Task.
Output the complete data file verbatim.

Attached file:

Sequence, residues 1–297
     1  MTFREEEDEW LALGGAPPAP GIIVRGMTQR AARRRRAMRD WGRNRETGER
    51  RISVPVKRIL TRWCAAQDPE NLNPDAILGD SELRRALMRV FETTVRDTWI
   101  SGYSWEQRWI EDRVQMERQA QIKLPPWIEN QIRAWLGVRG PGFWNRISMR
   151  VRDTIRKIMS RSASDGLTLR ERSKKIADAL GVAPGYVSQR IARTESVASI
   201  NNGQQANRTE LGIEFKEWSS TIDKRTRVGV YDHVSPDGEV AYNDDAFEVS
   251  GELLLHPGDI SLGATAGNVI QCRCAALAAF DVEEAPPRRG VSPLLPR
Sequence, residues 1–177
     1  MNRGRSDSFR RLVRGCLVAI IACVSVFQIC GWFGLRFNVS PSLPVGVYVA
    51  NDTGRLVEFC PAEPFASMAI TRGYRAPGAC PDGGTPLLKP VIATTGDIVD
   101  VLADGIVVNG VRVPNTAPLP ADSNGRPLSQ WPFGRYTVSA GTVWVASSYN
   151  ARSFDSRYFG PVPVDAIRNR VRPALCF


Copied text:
Sequence, residues 1–297
     1  MTFREEEDEW LALGGAPPAP GIIVRGMTQR AARRRRAMRD WGRNRETGER
    51  RISVPVKRIL TRWCAAQDPE NLNPDAILGD SELRRALMRV FETTVRDTWI
   101  SGYSWEQRWI EDRVQMERQA QIKLPPWIEN QIRAWLGVRG PGFWNRISMR
   151  VRDTIRKIMS RSASDGLTLR ERSKKIADAL GVAPGYVSQR IARTESVASI
   201  NNGQQANRTE LGIEFKEWSS TIDKRTRVGV YDHVSPDGEV AYNDDAFEVS
   251  GELLLHPGDI SLGATAGNVI QCRCAALAAF DVEEAPPRRG VSPLLPR
Sequence, residues 1–177
     1  MNRGRSDSFR RLVRGCLVAI IACVSVFQIC GWFGLRFNVS PSLPVGVYVA
    51  NDTGRLVEFC PAEPFASMAI TRGYRAPGAC PDGGTPLLKP VIATTGDIVD
   101  VLADGIVVNG VRVPNTAPLP ADSNGRPLSQ WPFGRYTVSA GTVWVASSYN
   151  ARSFDSRYFG PVPVDAIRNR VRPALCF